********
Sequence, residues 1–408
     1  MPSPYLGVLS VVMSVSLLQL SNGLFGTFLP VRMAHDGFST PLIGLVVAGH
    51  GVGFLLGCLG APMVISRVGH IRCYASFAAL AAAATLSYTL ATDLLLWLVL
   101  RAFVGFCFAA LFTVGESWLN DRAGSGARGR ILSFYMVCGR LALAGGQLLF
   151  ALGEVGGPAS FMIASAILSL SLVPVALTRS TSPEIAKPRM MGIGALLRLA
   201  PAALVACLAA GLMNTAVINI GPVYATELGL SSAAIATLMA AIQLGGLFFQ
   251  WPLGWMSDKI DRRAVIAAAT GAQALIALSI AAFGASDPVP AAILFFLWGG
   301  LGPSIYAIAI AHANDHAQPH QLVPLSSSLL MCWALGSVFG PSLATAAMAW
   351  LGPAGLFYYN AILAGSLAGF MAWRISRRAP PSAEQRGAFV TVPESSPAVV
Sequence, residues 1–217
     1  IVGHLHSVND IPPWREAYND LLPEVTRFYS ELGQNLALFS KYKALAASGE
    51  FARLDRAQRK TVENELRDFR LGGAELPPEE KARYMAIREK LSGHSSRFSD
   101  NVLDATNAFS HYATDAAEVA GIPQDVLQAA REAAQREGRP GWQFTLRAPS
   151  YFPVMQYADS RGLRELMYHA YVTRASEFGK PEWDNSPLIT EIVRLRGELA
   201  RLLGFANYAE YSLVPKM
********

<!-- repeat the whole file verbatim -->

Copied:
Sequence, residues 1–408
     1  MPSPYLGVLS VVMSVSLLQL SNGLFGTFLP VRMAHDGFST PLIGLVVAGH
    51  GVGFLLGCLG APMVISRVGH IRCYASFAAL AAAATLSYTL ATDLLLWLVL
   101  RAFVGFCFAA LFTVGESWLN DRAGSGARGR ILSFYMVCGR LALAGGQLLF
   151  ALGEVGGPAS FMIASAILSL SLVPVALTRS TSPEIAKPRM MGIGALLRLA
   201  PAALVACLAA GLMNTAVINI GPVYATELGL SSAAIATLMA AIQLGGLFFQ
   251  WPLGWMSDKI DRRAVIAAAT GAQALIALSI AAFGASDPVP AAILFFLWGG
   301  LGPSIYAIAI AHANDHAQPH QLVPLSSSLL MCWALGSVFG PSLATAAMAW
   351  LGPAGLFYYN AILAGSLAGF MAWRISRRAP PSAEQRGAFV TVPESSPAVV
Sequence, residues 1–217
     1  IVGHLHSVND IPPWREAYND LLPEVTRFYS ELGQNLALFS KYKALAASGE
    51  FARLDRAQRK TVENELRDFR LGGAELPPEE KARYMAIREK LSGHSSRFSD
   101  NVLDATNAFS HYATDAAEVA GIPQDVLQAA REAAQREGRP GWQFTLRAPS
   151  YFPVMQYADS RGLRELMYHA YVTRASEFGK PEWDNSPLIT EIVRLRGELA
   201  RLLGFANYAE YSLVPKM